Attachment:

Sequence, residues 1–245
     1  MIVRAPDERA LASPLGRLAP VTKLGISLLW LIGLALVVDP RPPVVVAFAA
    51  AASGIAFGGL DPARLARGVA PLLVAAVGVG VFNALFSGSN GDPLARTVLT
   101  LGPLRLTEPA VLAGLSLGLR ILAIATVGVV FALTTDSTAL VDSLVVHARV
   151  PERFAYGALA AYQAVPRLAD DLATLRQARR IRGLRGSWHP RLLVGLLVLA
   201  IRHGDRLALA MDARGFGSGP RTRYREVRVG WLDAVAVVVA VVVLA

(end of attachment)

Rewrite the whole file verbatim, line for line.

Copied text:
Sequence, residues 1–245
     1  MIVRAPDERA LASPLGRLAP VTKLGISLLW LIGLALVVDP RPPVVVAFAA
    51  AASGIAFGGL DPARLARGVA PLLVAAVGVG VFNALFSGSN GDPLARTVLT
   101  LGPLRLTEPA VLAGLSLGLR ILAIATVGVV FALTTDSTAL VDSLVVHARV
   151  PERFAYGALA AYQAVPRLAD DLATLRQARR IRGLRGSWHP RLLVGLLVLA
   201  IRHGDRLALA MDARGFGSGP RTRYREVRVG WLDAVAVVVA VVVLA